Drilling down a bit deeper, IEA determined that energy efficiency can provide health benefits that are four times the value of the upgrade cost, by freeing up more energy to use for heating, cooling and air-conditioning — and thus improving health for people with a wide range of allergies, cardiovascular problems, and other ailments. It can improve industrial productivity by up to 250 percent by lowering the costs of energy in the supply chain and thus making products cheaper and more competitive, or freeing up resources to be used in other product improvements. IEA also found that when these productivity gains were factored back into industries’ traditional rate of return analyses, the time it took for the upgrades to pay for themselves dropped from 4.2 to 1.9 years. Because most businesses make their financial calculations on relatively short time horizons, that finding could alter the way many firms weigh the benefits of efficiency versus the one-time cost of the improvements.

Energy efficiency can also improve national budgets by lowering the cost of energy used in the government’s infrastructure, and it can increase energy access for low-income populations by making energy cheaper to deliver per unit. And as the Guardian pointed out, energy efficiency can even increase regional and geopolitical security — in this case, by helping Europe disentangle itself from Russian gas exports.

But IEA also looked at the current state of energy efficiency policies across its member countries, and found that most of the potential gains in their economies will not be realized by current policy goals:

iea-report-ee-gains

CREDIT: International Energy Agency

The full version of IEA’s report lays out many of the specific tools countries and businesses can use to factor in the gains of energy efficiency, and the policies that can help markets monetize the improvements — though unfortunately it’s behind a paywall.

On the climate change front, a McKinsey report from 2009 even laid out how the entirety of the White House’s commitment to cut national greenhouse gas emissions by 17 percent from 2005 levels by 2020 could be met through energy efficiency improvements while netting Americans $700 billion in savings.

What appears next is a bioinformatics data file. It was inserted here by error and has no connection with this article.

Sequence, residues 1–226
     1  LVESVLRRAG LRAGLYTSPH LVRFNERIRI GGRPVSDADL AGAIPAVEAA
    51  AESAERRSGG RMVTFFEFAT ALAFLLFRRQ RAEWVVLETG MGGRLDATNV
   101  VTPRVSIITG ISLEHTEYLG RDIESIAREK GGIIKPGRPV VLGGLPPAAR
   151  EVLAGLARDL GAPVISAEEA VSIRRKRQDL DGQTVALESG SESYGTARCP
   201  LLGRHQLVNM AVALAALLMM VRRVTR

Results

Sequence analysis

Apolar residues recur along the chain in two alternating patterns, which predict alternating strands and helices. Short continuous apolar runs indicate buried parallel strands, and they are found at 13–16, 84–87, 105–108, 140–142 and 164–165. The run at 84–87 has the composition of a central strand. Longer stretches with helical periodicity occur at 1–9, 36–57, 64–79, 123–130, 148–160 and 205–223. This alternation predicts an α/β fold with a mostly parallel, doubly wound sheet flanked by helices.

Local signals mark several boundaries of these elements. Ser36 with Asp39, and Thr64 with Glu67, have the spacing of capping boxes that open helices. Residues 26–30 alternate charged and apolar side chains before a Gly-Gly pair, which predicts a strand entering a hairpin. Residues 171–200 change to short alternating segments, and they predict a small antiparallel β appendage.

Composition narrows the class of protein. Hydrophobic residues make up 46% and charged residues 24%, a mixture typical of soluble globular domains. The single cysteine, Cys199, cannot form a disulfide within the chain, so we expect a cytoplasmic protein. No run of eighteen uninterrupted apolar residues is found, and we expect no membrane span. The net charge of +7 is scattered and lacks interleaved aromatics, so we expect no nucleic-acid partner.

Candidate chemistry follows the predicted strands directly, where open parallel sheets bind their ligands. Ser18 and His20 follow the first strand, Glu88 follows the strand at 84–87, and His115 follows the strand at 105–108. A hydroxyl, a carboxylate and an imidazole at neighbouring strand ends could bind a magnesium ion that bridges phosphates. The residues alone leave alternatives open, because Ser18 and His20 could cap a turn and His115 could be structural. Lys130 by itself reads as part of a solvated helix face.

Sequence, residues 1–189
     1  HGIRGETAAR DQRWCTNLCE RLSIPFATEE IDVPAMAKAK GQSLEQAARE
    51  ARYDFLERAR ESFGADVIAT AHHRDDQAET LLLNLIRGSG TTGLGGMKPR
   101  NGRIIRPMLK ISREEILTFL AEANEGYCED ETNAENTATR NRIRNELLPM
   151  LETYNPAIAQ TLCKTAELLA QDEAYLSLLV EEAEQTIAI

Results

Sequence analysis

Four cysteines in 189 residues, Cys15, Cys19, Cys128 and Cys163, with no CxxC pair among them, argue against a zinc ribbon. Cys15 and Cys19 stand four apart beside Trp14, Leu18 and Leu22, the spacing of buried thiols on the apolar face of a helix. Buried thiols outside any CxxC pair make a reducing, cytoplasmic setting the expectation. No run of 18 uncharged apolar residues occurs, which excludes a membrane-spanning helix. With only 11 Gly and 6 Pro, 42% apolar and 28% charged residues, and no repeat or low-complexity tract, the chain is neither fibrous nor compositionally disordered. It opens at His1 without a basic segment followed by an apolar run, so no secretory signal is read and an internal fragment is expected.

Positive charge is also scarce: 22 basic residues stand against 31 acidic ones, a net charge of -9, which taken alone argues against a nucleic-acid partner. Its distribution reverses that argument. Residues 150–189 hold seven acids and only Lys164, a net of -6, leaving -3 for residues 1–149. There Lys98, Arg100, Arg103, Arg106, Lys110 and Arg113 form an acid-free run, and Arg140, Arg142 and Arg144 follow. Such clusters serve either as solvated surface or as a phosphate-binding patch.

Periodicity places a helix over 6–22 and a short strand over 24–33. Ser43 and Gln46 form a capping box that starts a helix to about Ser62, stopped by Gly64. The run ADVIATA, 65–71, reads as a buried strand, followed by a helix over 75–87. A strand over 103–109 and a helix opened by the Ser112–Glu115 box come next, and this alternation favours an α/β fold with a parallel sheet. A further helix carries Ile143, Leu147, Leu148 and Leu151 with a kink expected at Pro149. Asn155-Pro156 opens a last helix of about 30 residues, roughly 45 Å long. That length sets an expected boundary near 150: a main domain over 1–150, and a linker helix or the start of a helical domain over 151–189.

Now, that last point is more a demonstration of the immense gains to be made in energy efficiency as opposed to what would actually happen. The IEA report also raised the issue of the “rebound effect.” Efficiency gains mean a given unit of energy costs less, and then people respond by buying more energy. So the gains in terms of reduced emissions or lower total spending are partially rolled back by increased demand.

But this is far from a bad thing: as IEA noted, the health benefits, poverty alleviation, productivity improvements, and economic growth that can come from efficiency improvements are all examples of the rebound effect. Instead of using less energy, people can do far more to improve their well-being with the same amount of energy. That in itself is a crucial development, because historically the United States’ energy consumption has kept pace with economic growth. But those two trend lines diverged in the mid-1970s, with the economic growth continuing on up and energy use practically plateauing. There’s also evidence the same thing is happening at the global level.

Plateauing energy use means plateauing emissions. So while energy efficiency certainly can’t solve climate change itself, it can certainly buy us plenty of time — all while we keep making people’s lives better around the globe, and transition the energy we are still using onto a more sustainable and renewable footing.

The post Why Energy Efficiency Is The Most Important Fuel We Didn’t Know We Had appeared first on ThinkProgress.


Ray Rice Is Not the First Domestic Abuser Tolerated by the NFL

Posted in Main Blog (All Posts) on September 9th, 2014 11:08 pm by HL

Ray Rice Is Not the First Domestic Abuser Tolerated by the NFL
From: Dave Zirin

The league treated Rice’s abhorrent behavior as a public relations issue, not a domestic violence issue.

Their Technology Outstripped Their Maturity
From: Tom Tomorrow

An embarrassing look back at 2014 from aboard the Starship Enterprise. 

What Does It Mean When a Top Republican Runs as an Ally of Marriage Equality?
From: John Nichols

An ad that embraces same-sex marriage signals the change in our politics.